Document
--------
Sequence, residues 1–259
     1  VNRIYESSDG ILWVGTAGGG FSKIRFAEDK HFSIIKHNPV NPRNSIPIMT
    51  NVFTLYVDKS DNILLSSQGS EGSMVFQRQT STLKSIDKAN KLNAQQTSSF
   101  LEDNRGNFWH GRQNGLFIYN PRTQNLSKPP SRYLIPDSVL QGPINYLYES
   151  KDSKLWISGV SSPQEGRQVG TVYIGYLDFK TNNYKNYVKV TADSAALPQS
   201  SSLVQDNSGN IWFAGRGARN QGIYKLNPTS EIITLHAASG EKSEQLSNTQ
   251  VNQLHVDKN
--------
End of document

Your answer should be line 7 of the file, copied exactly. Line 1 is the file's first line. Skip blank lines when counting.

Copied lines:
   251  VNQLHVDKN